Once Antoine and Christine reach the point where they can talk about their future, you realize the distance Antoine has come since the beginning, when we hear that he wrote Christine nineteen letters in one week, after impulsively joining the army in romantic despair. (One can only imagine what was going through the mind of 19-year-old Claude Jade, the actress playing Christine, who was being pursued by Truffaut off-camera to the point where they were discussing marriage!). In the film, Antoine's confidence is given a boost by a generous response to his awkward attentions toward the glamorous and elegant wife (Delphine Seyrig) of a shoe store owner (a young, paranoiac Michael Lonsdale, gloomily funny). Seyrig's reaction to his written declaration of passion for her, sent by peneumatique after fumbling a face-to-face encounter, leads to her showing up at his modest digs in Montmartre and furthering, in Flaubert's phrase, his education sentmentale. She makes clear that it's a one-time thing.

But it gives him more confidence with Christine after she learns he's now working as a TV repairman and breaks their set when her parents are away so she can get him to come over. Doinel is a character who needs a lot of chances, and he gets them, including when Truffaut plays against stereotype and has her simpatico parents (Daniel Ceccaldi, Claire Duhamel) invite him into their house with warmth and try to put him at ease. Truffaut, coming off two films utilizing the up-front pre-production control of his adored Hitchcock, Fahrenheit 451 (1966) and The Bride Wore Black (1968), reverted here to the more open method of his other cinematic god, Jean Renoir, who never had everything nailed down when making a film, but left things open for actors to uncork happy surprises. Truffaut's more relaxed approach here paid off. There's a modesty of gesture here and a degree of spontaneity he didn't always attain. Above all, a disarming light-handedness and indirection pervade Stolen Kisses and the free-form, even chaotic, structure fits the story it tells.Truffaut himself was to describe it as a largely improvised small-budget film about the first loves of a young man in Paris. It was Truffaut's first successful film since The 400 Blows. Part of it was lucky timing. The film opened in the fall of 1968, after a tumultuous spring of demonstrations and street clashes in May and June. A few days into the Stolen Kisses shoot in February, the Gaullist government shut down the Cinematheque Francaise, then housed in the basement of the Chaillot Palace. Culture minister Andre Malraux ousted its founder, Andre Langlois. The result was the first film-oriented outbreak of street demonstrations, at which industry personnel protested shoulder to shoulder with enthusiasts. Truffaut was among the demonstrators, some 3000 in all, who assembled at the Trocadero and marched toward the Chaillot Palace. Before being beaten off by the police, they made speeches outside the shuttered Cinematheque, and concurrently unleashed torrents of anti-government writings. Malraux relented, Langlois was reinstated. Art and politics merged in a great popular victory.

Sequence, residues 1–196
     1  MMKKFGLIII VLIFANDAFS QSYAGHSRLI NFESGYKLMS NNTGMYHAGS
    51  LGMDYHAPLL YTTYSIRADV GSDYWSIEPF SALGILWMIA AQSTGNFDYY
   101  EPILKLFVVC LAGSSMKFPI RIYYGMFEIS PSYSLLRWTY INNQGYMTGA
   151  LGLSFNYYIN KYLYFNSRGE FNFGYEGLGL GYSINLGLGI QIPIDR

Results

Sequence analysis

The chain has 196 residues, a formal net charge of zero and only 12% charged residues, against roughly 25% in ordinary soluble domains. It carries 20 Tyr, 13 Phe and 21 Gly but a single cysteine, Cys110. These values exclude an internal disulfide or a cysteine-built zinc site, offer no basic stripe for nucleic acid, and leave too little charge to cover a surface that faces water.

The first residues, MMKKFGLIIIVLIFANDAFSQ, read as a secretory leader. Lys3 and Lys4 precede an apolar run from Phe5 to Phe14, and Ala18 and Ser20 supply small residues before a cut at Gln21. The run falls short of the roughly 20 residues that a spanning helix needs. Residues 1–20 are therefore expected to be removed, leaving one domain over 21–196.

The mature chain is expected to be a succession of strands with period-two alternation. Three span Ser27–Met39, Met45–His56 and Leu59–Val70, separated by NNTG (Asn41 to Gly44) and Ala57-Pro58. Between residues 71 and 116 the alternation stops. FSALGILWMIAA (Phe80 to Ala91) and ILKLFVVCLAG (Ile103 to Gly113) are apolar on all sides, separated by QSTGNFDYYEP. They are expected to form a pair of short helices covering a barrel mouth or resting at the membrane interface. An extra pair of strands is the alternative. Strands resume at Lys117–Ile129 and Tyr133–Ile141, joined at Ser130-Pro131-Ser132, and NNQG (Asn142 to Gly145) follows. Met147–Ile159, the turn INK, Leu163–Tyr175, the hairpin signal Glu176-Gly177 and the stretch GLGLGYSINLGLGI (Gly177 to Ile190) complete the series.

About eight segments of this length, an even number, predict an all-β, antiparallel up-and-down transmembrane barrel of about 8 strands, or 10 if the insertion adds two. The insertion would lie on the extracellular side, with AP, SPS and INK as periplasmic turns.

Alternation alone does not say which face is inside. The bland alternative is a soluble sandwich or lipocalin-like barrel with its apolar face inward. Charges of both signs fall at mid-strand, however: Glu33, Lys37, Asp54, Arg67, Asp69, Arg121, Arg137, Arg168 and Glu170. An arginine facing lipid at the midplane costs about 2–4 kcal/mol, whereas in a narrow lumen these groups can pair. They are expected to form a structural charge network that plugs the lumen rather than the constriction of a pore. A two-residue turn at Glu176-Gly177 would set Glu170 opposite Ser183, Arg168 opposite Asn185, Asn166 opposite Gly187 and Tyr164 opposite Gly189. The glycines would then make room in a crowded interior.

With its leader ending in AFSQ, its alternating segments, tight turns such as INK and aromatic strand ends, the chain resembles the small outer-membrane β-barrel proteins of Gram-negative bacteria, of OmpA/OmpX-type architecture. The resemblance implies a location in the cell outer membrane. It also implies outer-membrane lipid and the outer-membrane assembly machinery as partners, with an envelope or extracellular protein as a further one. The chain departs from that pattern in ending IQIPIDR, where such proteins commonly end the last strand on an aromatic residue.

By the fall of 1968, things had cooled down to the point where cineastes, who might once have dismissed the film Truffaut himself described as a nostalgic romantic comedy as reactionary, instead embraced it warmly. It was no accident that Stolen Kisses opens with a shot down the stairs of the Chaillot Palace, to the iron security gates barring entry to the shut-down Cinematheque. With public opinion on its side, Stolen Kisses never looked back. The nostalgia to which Truffaut (and the film's title) refers stem from a 1942 song by Truffaut's favorite pop singer, Charles Trenet: Que reste-t-il de nos amours? (What remains of our love? - English version: I Wish You Love). It begins and ends this sometimes whimsical, sometimes wacky, always ingratiating film. In the cycle's remaining films, Doinel was to hurtle from emotion to emotion he never quite understands or connects with. But not here. Stolen Kisses is the souffl on Truffaut's five-course Doinel menu.

Producer: Marcel Berbert, Francois Truffaut (both uncredited)
Director: Francois Truffaut
Screenplay: Francois Truffaut, Claude de Givray, Bernard Revon (scenario and dialogue)
Cinematography: Denys Clerval
Art Direction: Claude Pignot
Music: Antoine Duhamel
Film Editing: Agnes Guillemot
Cast: Jean-Pierre Laud (Antoine Doinel), Delphine Seyrig (Fabienne Tabard), Claude Jade (Christine Darbon), Michel Lonsdale (Georges Tabard), Harry-Max (Monsieur Henri), Andre Falcon (Monsieur Blady), Daniel Ceccaldi (Lucien Darbon), Claire Duhamel (Madame Darbon), Catherine Lutz (Catherine), Martine Ferriere (La chef-vendeuse du magasin de chaussures).
C-90m.

by Jay Carr

Sources:
Truffaut: A Biography, by Antoine de Baecque and Serge Toubiana, Knopf, 1999
Francois Truffaut, by Annette Insdorf, Touchstone, 1989
Francois Truffaut - Correspondence 1945-1984, edited by Gilles Jacob and Claude de Givray, Noonday Press, 1990
Finally Truffaut, by Don Allen, 1985